- Over their final Christmases in their respective sees, the occupants of English-speaking Catholicism's two most prominent posts addressed the global economic crisis in their Yuletide messages: Cardinal Cormac Murphy-O'Connor of Westminster focused on the downturn's fruits of "humiliation" and a "breakdown in trust" in his Midnight homily, while Cardinal Edward Egan of New York viewed these days through the prism of the Great Depression from the pulpit of St Patrick's Cathedral. Earlier in the week, the Gotham prelate joined in the launch of a city effort to channel aid to the unemployed and vowed to "fight" to keep his archdiocese's Catholic schools operating at full tilt; even before the downturn's most recent spirals, enrollment in New York's system had already fallen 5% this year. In other departure-related news, Cardinal Joseph Zen SDB announced over the holiday that B16 had agreed to accept his retirement as head of the 350,000-member Hong Kong church in short order. Long a scourge of the Communist authorities, while Zen's designated successor John Tong is seen as more amenable to Beijing, the cardinal said he'll devote his freed-up energies toward a closer monitoring of church affairs on the Chinese mainland. Bishop of what's been called the "world's busiest diocese" since the 2002 death of Cardinal John-Baptist Wu, the "Viagra of Hong Kong" turns 77 next month.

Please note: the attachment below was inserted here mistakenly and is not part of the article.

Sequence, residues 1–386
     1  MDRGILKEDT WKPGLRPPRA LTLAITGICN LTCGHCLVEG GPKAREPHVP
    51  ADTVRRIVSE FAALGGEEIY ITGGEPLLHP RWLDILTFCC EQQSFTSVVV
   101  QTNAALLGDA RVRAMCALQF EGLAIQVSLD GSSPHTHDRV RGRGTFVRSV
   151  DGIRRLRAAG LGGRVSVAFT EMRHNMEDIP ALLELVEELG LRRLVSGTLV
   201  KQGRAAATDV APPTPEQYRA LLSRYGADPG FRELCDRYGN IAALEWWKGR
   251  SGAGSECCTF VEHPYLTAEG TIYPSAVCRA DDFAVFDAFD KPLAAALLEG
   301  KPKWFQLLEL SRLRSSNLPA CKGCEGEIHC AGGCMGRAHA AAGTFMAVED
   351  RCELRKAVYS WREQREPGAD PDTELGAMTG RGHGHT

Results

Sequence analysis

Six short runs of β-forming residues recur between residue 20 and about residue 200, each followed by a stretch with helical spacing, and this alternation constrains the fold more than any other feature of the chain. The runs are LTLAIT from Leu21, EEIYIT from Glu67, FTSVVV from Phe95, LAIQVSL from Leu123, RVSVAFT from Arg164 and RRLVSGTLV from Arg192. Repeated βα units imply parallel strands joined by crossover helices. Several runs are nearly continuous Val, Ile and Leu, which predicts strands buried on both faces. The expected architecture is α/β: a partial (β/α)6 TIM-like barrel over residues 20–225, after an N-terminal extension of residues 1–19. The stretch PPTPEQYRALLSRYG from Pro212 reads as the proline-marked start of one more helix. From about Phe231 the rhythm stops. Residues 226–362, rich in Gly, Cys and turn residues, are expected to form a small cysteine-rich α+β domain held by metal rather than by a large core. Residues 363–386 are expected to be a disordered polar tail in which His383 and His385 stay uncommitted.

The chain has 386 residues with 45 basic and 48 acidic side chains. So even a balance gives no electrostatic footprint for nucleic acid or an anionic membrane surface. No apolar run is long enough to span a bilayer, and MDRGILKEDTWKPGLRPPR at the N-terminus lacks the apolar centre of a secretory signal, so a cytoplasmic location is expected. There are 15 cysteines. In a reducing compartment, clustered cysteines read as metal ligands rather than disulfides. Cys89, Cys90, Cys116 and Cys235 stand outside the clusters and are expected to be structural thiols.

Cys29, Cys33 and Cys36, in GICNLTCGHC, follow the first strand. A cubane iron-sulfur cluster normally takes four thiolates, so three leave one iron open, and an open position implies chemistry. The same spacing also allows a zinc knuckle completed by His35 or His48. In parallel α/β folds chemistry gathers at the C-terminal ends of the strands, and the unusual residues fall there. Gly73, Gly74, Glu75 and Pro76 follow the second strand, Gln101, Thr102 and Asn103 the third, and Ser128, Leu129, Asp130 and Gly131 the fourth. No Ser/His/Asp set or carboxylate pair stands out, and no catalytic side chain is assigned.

- Barely four months into his pastorate of the US Virgin Islands, Bishop Herbie Bevard's celebrated knack with the books has already become even more of an asset after word that the diocese of St Thomas lost close to $2 million by investing in Bernard Madoff's $50 billion "Ponzi" scheme. The island church's savings and endowment funds for its schools included in the wipe-out, after his own investigation found that diocesan officials had done sufficient due diligence and research before making the move, Bevard said the now-arrested former NASDAQ chair was "just very successful at fooling people."